President Biden, who has made no secret of his proud Irish roots and even called to congratulate the national side after their historic win over New Zealand last year, will no doubt know that a Welsh victory over England would help Ireland in their title charge, as they look to catch current leaders France.
But there may be some other famous viewers tuning in for the game from just outside Salt Lake City, some 5,000 miles from Twickenham Stadium, where Wayne Pivac’s men head on Saturday.
Utah Senator and former presidential candidate Mitt Romney has a surprising link to Wales, with his wife Ann the granddaughter of a Valleys miner who moved to Detroit in the 1920s.
Ann’s Welsh pride has seemingly been embraced by the rest of her family too, with her son Ben seen sporting a Wales rugby jersey at a recent family dinner.
Posting on Twitter, Senator Romney – who lost to Barack Obama as the Republican presidential nominee in 2012 – shared a photo of his five sons, with Ben proudly wearing the Prince of Wales feathers on his chest.
While the picture has raised a few eyebrows this side of the Atlantic, the Welsh roots of Ann Romney – nee Davies – are fairly well documented.
Her father, Edward Roderick Davies, was born in Caerau, Bridgend, in 1915, into a Welsh coal mining family. Despite being raised in the Welsh Congregationalists, he was a firm atheist and was strongly opposed to all organised religion, believing those who were religious to be “weak at the knees”.
He emigrated to Detroit in 1929 with his parents, David and Annie Davies. David, a miner from Nantyffyllon, near Maesteg, had worked at the Coegnant Colliery, but chose to swap south Wales for the US after losing a kidney in a mining accident that saw him crushed by a coal cart.
In Detroit, David – Ann’s grandfather – worked at a Ford plant, with Edward following suit and working in the car industry, graduating from the General Motors Institute of Technology in 1938 with a degree in engineering.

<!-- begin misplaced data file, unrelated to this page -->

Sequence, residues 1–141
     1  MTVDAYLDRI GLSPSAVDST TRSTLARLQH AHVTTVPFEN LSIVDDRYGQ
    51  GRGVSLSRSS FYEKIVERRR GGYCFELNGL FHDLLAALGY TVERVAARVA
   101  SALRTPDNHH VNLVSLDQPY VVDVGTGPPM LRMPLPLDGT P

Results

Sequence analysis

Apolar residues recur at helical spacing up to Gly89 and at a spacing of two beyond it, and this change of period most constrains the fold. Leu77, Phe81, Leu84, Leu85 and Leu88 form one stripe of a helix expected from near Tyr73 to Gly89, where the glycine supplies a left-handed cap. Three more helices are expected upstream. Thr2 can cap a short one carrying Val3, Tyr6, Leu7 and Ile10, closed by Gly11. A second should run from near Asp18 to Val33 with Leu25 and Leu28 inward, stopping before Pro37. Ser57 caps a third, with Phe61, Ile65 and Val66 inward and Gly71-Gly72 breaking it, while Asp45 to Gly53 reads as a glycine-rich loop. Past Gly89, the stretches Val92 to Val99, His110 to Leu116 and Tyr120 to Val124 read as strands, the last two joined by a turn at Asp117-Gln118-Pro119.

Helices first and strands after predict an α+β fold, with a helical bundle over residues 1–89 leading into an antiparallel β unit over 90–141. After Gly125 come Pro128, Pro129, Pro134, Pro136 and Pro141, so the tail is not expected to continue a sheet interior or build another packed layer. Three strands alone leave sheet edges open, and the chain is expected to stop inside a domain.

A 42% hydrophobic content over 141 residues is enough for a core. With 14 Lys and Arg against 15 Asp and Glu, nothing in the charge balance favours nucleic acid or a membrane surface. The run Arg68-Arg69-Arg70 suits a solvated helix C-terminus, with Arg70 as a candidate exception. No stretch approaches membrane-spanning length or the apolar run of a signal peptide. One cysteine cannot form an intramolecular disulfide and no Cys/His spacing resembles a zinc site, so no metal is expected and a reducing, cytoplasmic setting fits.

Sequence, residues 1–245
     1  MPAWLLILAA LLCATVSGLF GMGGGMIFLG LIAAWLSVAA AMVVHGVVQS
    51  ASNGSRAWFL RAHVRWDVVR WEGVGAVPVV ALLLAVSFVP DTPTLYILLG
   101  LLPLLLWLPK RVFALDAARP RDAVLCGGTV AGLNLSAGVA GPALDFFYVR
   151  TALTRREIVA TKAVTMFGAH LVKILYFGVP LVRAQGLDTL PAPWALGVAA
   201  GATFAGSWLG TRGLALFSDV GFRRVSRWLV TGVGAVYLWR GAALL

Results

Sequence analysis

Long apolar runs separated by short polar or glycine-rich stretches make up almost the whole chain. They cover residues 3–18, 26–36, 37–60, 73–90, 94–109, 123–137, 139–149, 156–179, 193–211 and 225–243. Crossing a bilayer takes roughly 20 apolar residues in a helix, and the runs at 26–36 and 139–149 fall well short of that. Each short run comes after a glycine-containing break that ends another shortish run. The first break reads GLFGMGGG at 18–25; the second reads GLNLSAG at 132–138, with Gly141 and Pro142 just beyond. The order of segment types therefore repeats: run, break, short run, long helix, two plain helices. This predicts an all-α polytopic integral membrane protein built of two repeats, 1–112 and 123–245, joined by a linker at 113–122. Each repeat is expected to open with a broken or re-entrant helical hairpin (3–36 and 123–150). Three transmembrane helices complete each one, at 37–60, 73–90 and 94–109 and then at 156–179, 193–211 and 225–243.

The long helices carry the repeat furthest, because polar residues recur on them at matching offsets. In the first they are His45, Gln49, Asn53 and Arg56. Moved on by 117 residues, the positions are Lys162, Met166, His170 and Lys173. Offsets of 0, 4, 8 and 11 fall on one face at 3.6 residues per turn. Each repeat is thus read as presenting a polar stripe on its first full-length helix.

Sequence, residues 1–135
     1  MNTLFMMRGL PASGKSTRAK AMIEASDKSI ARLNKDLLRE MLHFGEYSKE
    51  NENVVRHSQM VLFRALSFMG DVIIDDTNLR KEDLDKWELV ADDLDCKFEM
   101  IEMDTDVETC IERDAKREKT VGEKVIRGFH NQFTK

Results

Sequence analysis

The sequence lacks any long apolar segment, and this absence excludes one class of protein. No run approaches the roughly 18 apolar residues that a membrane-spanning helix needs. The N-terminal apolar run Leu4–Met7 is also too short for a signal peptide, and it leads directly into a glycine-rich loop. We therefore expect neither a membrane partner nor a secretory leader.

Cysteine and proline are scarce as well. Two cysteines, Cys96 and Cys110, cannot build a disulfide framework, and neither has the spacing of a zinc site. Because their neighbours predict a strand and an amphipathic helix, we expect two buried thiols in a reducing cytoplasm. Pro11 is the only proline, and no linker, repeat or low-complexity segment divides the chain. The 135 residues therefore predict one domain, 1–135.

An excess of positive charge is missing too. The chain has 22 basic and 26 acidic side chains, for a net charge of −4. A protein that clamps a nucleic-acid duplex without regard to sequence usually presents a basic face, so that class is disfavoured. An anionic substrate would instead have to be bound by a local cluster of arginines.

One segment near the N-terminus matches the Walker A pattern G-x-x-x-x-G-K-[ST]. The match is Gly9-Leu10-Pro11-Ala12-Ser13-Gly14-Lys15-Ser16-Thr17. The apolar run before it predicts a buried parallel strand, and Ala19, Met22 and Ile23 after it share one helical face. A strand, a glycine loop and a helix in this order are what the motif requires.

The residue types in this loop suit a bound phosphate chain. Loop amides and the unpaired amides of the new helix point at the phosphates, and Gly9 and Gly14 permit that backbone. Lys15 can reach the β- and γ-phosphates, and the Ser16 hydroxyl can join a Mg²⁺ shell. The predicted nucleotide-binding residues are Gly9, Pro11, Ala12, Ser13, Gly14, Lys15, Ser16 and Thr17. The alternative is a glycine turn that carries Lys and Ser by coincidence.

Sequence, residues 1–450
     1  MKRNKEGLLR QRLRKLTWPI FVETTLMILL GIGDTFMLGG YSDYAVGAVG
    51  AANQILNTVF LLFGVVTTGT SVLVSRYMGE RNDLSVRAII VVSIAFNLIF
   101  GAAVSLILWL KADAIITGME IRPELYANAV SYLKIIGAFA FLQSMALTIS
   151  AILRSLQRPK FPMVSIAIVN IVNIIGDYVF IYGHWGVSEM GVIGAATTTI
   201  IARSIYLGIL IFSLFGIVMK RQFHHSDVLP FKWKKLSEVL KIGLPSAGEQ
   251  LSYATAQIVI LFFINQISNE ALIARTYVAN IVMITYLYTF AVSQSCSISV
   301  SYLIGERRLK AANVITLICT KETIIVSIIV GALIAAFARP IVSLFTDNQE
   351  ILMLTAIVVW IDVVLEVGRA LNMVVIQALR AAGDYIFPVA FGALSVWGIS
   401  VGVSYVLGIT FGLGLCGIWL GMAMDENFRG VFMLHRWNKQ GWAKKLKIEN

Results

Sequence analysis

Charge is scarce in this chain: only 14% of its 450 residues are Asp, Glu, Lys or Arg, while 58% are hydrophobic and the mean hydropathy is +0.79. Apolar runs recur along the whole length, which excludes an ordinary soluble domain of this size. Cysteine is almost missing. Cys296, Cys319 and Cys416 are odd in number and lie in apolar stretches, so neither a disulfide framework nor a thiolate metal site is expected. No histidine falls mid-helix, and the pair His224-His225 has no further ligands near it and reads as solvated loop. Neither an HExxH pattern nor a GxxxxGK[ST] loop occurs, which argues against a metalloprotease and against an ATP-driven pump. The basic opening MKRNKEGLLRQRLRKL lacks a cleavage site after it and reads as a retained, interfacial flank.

He went on to live the American dream, founding a successful business and even working on the NASA space programme, before he died in 1992, leaving behind an estate worth millions of dollars.
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As a family, the Romneys have made numerous trips to Wales to visit relatives, while Ann – who has been married to the senator since 1969 – has championed her Welsh heritage over the years, including on the campaign trail.
The Guardian revealed that she charmed campaigners and journalists travelling on the campaign bus by serving them home-baked Welsh cakes on long journeys, while she also wore a dress detailed with daffodils while campaigning alongside her husband on St David’s Day in 2012.
That same year, she visited her second cousin, former British and Irish Lions player Roddy Evans, in Porthcawl before later making a public appearance in Nantyffyllon and Maesteg, having attended the London Olympics.
On one visit to the Valleys, Mitt and Ann even took their sons down a mine so that they could see for themselves the working conditions that their family had experienced.
With such proud Welsh roots and at least one smart-looking jersey, the Romneys should be all set for Saturday’s big match – all they need now is some daffodil hats.
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